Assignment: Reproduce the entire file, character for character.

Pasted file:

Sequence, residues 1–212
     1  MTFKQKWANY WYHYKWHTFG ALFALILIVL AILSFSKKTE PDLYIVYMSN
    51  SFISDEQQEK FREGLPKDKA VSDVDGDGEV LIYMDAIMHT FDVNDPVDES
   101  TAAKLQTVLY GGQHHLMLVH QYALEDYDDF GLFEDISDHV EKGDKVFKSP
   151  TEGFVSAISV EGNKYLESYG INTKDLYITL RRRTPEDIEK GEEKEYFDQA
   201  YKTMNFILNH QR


Sequence, residues 1–212
     1  MTFKQKWANY WYHYKWHTFG ALFALILIVL AILSFSKKTE PDLYIVYMSN
    51  SFISDEQQEK FREGLPKDKA VSDVDGDGEV LIYMDAIMHT FDVNDPVDES
   101  TAAKLQTVLY GGQHHLMLVH QYALEDYDDF GLFEDISDHV EKGDKVFKSP
   151  TEGFVSAISV EGNKYLESYG INTKDLYITL RRRTPEDIEK GEEKEYFDQA
   201  YKTMNFILNH QR